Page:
The idea for The Staff Recommends was all Andrew Womack, of The Morning News, so I can’t say I inspired it, but I can say that watching my mom recommend books for better than 20 years when she owned her store is something I think about often both with TSR and my Biblioracle work.

Before I was a writer, I was a reader, and the sensation that comes with really connecting with a book simply can’t be duplicated by any other medium. It is true virtual reality, where your consciousness joins another in a deep and inexplicable way, and it is awesome. I started writing because I wanted to be able to do that from the other half of the equation, but to be able to hook other readers up with books is often just as good.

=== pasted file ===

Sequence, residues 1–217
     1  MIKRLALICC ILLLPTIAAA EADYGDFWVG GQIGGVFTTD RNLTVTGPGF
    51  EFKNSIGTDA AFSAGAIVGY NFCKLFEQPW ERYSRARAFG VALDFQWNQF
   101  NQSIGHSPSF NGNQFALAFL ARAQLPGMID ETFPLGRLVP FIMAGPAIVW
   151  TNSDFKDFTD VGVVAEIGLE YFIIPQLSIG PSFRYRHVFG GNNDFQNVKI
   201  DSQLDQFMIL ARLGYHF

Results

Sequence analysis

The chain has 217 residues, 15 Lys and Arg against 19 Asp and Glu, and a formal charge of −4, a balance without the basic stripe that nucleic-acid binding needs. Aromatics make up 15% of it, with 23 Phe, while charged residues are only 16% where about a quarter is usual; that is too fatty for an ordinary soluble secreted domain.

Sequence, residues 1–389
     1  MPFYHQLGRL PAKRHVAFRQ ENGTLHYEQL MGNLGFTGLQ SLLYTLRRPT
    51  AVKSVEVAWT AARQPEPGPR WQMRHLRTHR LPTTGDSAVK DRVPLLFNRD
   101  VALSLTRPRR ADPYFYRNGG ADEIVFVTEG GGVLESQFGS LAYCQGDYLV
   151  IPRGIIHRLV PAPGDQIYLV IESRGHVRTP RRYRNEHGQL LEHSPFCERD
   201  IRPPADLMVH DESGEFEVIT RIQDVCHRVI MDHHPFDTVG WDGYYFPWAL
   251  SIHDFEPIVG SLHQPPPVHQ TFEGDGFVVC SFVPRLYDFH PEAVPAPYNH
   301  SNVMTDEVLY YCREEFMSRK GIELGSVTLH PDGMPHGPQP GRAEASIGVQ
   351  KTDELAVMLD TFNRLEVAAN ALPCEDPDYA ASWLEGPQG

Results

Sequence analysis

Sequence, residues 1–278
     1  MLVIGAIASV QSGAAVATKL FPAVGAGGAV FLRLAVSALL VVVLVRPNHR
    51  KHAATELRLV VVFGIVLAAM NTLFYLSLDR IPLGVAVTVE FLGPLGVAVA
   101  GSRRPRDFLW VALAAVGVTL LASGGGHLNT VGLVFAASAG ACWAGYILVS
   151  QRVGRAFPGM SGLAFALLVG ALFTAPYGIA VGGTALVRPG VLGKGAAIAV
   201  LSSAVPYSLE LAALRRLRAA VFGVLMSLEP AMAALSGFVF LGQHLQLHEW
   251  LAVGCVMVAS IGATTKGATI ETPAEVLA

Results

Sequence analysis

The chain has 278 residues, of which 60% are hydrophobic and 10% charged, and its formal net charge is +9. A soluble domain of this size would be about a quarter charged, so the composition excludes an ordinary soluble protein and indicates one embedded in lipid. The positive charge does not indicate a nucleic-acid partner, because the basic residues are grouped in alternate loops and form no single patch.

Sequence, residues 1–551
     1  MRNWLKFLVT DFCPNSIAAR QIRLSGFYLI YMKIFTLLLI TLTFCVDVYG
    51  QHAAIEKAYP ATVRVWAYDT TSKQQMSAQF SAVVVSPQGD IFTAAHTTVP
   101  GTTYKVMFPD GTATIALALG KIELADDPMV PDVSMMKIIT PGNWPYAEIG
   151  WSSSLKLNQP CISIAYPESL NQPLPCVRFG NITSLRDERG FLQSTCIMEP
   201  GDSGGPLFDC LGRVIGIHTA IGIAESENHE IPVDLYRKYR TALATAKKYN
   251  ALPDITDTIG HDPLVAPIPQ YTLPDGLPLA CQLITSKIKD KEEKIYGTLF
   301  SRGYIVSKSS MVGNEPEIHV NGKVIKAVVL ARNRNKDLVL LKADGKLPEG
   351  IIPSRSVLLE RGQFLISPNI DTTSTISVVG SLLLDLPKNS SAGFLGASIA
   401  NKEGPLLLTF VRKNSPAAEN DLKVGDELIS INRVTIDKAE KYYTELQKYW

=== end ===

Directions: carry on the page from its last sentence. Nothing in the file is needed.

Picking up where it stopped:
I think all the books that have been featured on TSR have seen tangible benefits to their sales, but like everything else, it’s only one part of a much larger equation. I do it because it gives me a professional excuse to read (not that I need one).


John WarnerJohn Warner is the author of four books, including Fondling Your Muse: Infallible Advice from a Published Author to the Writerly Aspirant, acquired and edited by Jane Friedman before she sold out and became a professor of all things. He’s editor at large of McSweeney’s Internet Tendency and a one-man book recommending service known as The Biblioracle. He teaches at College of Charleston, and The Funny Man is his first, but hopefully not last, novel.